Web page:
Oral historian Jean Freedman interviewed Sarah Harris on May 24, 2002 in Baltimore, Maryland as part of the Jewish Women's Archive "Weaving Women's Words" project.
Sarah Kappelman Harris divides her life into three parts: her family, her work with Hadassah, and her work with HIAS (Hebrew Immigrant Aid Society). Born in 1910 to Russian immigrant parents and raised as an Orthodox Jew, Sarah attended Goucher College, graduating with a degree in Romance Languages in 1930. She taught Latin and worked at the May Company clothing store before marrying Leroy Kappelman in 1938. Sarah dedicated herself to raising her three daughters, Marsha, Victoria, and Carol, while volunteering for Jewish community organizations. Through her local and national leadership roles in Hadassah, Sarah met many prominent people, including Eleanor Roosevelt, Helen Keller, Hubert Humphrey, and Henrietta Szold. At HIAS, Sarah performed work that deeply touched her heart, meeting new immigrants as they arrived in Baltimore. Following the death of her first husband, Sarah married Herbert Harris in 1980. Sarah has lived in accordance with her conviction that Jewish women are essential in transmitting Judaism to their families.
In the early 2000s, the Jewish Women's Archive conducted oral history interviews with 30 Jewish women living in Baltimore and another 30 in Seattle. Born in the early decades of the 20th century, these women lived through decades of political, social, and economic upheaval, as well as dramatic changes in expectations and opportunities for women. Doctors and lawyers, teachers and saleswomen, judges and social workers, homemakers and community volunteers, the narrators represent a wide range of backgrounds, affiliations, and experiences of American Jewish women. To find out more and to see the online exhibits based on this project, visit Jewish Women's Archive/baltimore and Jewish Women's Archive/seattle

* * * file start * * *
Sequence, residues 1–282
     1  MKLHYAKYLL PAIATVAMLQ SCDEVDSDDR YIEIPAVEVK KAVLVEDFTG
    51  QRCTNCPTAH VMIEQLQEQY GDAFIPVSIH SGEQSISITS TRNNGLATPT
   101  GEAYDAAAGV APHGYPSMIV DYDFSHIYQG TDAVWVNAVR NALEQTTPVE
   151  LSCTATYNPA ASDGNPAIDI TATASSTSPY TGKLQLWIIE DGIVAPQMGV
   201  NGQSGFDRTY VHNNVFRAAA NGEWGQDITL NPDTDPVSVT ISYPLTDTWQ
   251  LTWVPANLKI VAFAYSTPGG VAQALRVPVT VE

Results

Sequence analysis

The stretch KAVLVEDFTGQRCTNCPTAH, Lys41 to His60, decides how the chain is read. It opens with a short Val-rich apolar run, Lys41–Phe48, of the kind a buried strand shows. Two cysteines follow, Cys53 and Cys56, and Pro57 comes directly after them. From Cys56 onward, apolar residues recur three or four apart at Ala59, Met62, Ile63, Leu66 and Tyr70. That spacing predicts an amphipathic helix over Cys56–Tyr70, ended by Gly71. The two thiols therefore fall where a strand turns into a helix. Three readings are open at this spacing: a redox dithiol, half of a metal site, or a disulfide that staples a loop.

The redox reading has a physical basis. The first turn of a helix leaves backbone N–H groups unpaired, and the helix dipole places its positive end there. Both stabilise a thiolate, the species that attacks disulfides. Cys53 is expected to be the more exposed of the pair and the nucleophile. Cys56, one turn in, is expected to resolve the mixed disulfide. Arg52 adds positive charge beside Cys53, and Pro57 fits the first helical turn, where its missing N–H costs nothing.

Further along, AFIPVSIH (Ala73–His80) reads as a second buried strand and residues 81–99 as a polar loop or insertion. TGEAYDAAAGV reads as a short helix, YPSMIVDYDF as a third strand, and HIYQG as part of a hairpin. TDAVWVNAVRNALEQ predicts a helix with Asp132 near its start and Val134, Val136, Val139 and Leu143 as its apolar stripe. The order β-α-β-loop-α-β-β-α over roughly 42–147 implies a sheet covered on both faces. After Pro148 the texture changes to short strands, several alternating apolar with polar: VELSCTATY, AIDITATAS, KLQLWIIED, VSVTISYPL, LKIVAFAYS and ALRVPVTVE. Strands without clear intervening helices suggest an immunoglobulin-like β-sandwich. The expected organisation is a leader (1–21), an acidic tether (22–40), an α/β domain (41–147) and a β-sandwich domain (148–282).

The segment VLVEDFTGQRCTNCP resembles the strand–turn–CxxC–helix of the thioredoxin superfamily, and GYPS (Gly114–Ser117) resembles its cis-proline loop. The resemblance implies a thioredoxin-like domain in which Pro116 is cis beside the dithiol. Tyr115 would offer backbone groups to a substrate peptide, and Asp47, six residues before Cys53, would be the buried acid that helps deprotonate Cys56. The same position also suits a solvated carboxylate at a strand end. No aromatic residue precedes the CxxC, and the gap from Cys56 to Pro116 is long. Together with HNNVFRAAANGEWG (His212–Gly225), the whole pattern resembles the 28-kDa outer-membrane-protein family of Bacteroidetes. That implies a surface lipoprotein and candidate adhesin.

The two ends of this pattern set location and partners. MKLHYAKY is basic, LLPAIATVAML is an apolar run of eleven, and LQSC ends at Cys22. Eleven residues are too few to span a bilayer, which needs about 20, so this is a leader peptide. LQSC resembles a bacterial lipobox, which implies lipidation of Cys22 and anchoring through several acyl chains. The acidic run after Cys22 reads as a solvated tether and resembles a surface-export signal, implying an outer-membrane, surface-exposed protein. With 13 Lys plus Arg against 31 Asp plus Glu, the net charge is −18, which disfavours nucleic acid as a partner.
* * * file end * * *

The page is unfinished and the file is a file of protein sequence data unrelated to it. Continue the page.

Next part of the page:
The complete audio recordings and transcripts of the interviews are available on the Internet Archive.
This project was made possible in part by major grants from the National Endowment for the Humanities, the Brenda Brown Lipitz Rever Foundation, and the Jacob and Hilda Blaustein Foundation, Inc. In Baltimore, the project was a collaboration with the Jewish Museum of Maryland; in Seattle, with the Museum of History and Industry.